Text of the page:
This is particularly relevant considering that, precisely for security purposes, individuals are equipping their households with CCTV systems which capture public space. Only time will tell how this decision will be applied to individuals in practice. Most certainly, DPAs across the EU will update their recommendations regarding the weighing between the necessity of the recording and storing of the data to pursue an interest deemed legitimate and the interests for fundamental rights and freedoms of the data subject.

At this point, it is expectable that householders who have surveillance cameras that capture public space will need to ensure that their collection and further use of any footage which contains images of identifiable individuals complies with the data protection requirements. Thus, they will have, for instance, to at least inform people of this monitoring and ensure that no footage is illegally retained.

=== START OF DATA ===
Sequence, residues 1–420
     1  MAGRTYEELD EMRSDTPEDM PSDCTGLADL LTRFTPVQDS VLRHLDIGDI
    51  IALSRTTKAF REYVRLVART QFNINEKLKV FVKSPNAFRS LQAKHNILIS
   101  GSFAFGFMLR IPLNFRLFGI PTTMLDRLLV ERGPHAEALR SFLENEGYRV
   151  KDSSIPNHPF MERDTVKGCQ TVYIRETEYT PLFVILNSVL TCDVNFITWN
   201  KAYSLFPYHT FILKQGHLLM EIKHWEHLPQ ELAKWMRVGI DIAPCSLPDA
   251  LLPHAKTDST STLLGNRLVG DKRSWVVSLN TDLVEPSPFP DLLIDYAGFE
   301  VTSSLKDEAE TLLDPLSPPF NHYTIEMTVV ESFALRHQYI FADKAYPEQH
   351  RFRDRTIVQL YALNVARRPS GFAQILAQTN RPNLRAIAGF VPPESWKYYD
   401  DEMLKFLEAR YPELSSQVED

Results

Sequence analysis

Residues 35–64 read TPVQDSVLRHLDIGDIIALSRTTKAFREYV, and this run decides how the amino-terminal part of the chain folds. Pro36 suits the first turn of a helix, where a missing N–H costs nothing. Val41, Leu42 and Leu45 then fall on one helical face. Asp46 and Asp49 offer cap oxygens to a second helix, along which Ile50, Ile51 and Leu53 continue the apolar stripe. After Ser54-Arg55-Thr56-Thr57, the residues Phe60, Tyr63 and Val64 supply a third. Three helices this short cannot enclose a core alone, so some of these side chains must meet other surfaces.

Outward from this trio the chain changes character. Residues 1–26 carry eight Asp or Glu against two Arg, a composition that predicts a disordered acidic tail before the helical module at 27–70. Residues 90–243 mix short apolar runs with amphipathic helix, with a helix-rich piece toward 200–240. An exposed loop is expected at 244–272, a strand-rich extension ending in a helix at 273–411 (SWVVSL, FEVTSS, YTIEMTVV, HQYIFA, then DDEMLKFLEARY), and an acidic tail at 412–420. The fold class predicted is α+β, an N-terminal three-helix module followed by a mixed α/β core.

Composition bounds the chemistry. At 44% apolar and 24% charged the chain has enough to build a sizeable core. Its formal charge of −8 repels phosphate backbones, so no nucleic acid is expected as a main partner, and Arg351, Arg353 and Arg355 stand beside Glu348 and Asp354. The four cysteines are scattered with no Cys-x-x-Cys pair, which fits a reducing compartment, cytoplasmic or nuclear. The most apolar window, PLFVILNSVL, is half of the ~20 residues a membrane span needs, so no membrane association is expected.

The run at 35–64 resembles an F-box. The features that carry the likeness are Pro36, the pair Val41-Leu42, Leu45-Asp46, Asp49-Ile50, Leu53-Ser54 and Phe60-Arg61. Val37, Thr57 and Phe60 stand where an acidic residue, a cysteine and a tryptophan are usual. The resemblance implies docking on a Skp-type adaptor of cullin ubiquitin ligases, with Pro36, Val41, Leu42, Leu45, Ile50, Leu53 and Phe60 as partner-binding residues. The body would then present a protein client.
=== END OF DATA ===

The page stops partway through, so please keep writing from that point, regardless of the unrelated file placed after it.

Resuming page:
References   [ + ]

1. Copyright by Nïall Green under the Creative Commons Attribution-Share Alike 1.0 Generic

(Un)Safe Harbour

Safe harbour for who?

Safe harbour for who?

As a general rule, the EU Data Protection Directive (Directive 95/46/EC) prevents businesses from transferring personal data from the EU to third-countries. Therefore, EU citizens’ personal data cannot be processed or hosted outside the EU, except if those countries do provide an adequate level of data protection. This adequacy requirement is met only when the European Commission recognize the data recipient country as providing an adequate level of protection. These decisions are commonly referred to as ‘adequacy decisions’.